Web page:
Heart Like a Wheel

(USA 1983)

“Trying to make us damned…golf!

—Connie Kalitta

Heart Like a Wheel is the kind of movie you see on late night TV: a mildly amusing true story about someone you’ve never heard of and her struggle to overcome adversity and maybe find herself in the process. In this case, that someone is Shirley Muldowney (Bonnie Bedelia), later known as “Cha Cha,” a 1960s housewife who became the first woman to obtain a license from the National Hot Rod Association (NHRA) and the first person ever to win two and then three Top Fuel titles (https://en.wikipedia.org/wiki/Shirley_Muldowney). Her struggle consists of establishing herself as a serious dragster. The adversity, well, that’s the sexist all-male drag race scene. You might say the whole thing is a drag.

One night, Shirley’s mechanic husband, Jack (Leo Rossi), lets her race his sports car on the street. She beats Jack’s rival and discovers that she digs the thrill of drag racing. Soon, she’s hanging out at the racetrack, where she meets Connie Kalitta (Beau Bridges), a veteran racer and womanizer. Jealous of her success, Jack leaves Shirley to her own devices.

I picked up Heart Like a Wheel for one reason, and one reason only: I read that My Life with the Thrill Kill Kult sampled this movie in a song or two. Overall, it’s a mixed bag, but I was pleasantly surprised to find that it’s better than mediocre. The acting is good. Ken Friedman’s screenplay is competent if not exactly deep, peppered with some snappy dialogue. When a skeezy reporter (Martin Casella) asks Shirley what a beautiful girl like her is doing at a racetrack, for example, her one-word response is casual, bored, and totally fucking awesome: “Winning.” Director Jonathan Kaplan stages realistic fight scenes, particularly between Connie and Shirley’s teenage son, John (played by a young Anthony Edwards). He even throws in a couple of real racers (Steve Evans and Sam Posey) and fire. It was nominated for an Academy Award for costume design (https://www.oscars.org/oscars/ceremonies/1984). The whole thing comes off like a soap opera, but it works. I never did catch those samples, though.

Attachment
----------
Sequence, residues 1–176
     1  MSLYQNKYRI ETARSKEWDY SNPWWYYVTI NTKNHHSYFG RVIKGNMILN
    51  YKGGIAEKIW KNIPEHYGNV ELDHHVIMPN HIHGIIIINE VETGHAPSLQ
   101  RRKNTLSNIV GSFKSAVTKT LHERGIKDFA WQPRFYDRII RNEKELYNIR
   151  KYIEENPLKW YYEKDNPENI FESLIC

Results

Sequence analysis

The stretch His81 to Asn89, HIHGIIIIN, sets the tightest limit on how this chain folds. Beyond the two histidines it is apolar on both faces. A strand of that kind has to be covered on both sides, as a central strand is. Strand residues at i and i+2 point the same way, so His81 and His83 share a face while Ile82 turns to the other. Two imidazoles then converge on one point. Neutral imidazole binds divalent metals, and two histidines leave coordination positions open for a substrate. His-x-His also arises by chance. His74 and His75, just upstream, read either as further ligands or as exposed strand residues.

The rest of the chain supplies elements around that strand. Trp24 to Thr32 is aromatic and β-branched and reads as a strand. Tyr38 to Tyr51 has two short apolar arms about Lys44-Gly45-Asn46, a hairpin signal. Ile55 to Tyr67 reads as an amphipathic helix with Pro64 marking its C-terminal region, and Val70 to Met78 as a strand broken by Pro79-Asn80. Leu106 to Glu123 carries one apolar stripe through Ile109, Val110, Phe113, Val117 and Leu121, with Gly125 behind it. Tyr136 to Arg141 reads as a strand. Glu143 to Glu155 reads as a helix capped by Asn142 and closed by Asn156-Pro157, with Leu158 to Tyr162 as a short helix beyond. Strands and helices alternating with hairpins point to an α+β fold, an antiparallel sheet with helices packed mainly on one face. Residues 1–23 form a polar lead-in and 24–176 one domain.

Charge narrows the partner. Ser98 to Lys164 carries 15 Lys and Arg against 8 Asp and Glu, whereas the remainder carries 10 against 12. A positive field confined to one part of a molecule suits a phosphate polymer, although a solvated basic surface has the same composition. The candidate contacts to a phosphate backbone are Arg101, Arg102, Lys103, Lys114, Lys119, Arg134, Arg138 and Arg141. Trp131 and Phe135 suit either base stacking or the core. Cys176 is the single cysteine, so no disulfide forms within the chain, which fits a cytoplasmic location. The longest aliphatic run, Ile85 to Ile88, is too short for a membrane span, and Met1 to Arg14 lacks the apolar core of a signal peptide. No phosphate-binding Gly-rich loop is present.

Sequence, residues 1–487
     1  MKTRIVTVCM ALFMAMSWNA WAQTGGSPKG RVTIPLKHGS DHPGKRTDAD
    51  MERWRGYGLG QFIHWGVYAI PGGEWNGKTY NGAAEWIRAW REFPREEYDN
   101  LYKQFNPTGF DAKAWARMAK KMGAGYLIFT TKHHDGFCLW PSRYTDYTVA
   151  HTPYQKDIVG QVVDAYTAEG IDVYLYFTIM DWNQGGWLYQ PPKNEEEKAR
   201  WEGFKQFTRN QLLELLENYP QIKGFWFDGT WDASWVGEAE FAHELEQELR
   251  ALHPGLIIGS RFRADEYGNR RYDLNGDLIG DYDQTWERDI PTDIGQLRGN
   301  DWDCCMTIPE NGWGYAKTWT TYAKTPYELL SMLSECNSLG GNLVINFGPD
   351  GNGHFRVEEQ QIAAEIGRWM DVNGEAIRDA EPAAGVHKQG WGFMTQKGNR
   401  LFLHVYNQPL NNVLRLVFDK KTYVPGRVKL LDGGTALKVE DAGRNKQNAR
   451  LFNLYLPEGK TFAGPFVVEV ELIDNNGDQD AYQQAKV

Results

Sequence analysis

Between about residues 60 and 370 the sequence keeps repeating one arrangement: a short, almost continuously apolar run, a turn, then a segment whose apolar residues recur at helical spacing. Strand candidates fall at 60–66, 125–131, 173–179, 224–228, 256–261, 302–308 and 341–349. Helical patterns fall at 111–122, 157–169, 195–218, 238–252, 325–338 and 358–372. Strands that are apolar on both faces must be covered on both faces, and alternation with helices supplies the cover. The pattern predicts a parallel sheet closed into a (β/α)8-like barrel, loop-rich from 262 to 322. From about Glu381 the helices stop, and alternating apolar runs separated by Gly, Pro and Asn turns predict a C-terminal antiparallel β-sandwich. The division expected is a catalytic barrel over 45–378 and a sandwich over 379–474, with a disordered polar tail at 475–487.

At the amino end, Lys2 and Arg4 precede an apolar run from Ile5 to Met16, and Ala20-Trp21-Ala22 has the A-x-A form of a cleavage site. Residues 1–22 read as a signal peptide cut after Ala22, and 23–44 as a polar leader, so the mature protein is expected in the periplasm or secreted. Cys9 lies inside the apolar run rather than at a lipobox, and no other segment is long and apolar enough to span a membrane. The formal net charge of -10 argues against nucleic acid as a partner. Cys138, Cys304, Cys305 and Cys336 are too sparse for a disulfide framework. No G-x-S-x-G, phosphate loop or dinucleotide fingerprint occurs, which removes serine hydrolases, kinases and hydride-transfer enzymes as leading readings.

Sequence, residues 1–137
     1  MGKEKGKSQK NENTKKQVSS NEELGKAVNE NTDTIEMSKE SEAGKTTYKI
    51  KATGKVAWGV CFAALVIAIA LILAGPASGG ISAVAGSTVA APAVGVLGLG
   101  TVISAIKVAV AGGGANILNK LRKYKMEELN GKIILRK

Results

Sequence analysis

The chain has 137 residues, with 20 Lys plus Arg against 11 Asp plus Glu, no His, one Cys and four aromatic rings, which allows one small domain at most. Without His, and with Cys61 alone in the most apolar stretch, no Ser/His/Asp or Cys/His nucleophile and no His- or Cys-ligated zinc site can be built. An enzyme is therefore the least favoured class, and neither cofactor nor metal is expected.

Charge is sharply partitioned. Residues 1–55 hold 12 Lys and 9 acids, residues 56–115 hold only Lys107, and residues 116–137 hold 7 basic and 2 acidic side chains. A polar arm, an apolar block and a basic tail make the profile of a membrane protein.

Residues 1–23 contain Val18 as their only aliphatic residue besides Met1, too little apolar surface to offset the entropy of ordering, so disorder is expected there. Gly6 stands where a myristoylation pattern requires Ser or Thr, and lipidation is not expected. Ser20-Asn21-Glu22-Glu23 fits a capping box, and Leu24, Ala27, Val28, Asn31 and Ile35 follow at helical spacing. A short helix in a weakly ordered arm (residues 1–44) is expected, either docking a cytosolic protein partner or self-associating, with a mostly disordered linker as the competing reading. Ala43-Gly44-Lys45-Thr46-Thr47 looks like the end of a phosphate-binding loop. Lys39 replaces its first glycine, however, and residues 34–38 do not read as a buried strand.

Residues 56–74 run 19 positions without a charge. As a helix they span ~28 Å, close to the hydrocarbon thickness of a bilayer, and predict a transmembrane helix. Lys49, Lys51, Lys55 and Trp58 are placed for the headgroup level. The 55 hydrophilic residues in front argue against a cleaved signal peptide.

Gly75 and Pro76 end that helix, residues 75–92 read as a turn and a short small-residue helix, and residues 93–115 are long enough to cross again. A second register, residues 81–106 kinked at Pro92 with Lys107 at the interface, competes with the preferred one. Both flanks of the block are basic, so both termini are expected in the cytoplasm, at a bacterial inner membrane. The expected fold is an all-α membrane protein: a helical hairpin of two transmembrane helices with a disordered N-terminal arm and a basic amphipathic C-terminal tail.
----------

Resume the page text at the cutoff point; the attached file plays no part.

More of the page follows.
Bonus: the DVD I have includes trailers for four other films, The Turning Point, Kenny & Company, Rhinestone with Dolly Parton and Sylvester Stallone, and Six Pack with Kenny Rogers and Anthony Michael Hall. They all look as awful as “Born to Win” by Jill Michaels, the Heart Like a Wheel theme song.

With Hoyt Axton, Creed Bratton, Tiffany Brissette, Michael Cavanaugh, Diane Delano, Mitzi Hoag, Nora Heflin, Brandon Brent Williams

Production: Aurora Productions

Distribution: 20th Century Fox

113 minutes
Rated PG

(DVD purchase) C

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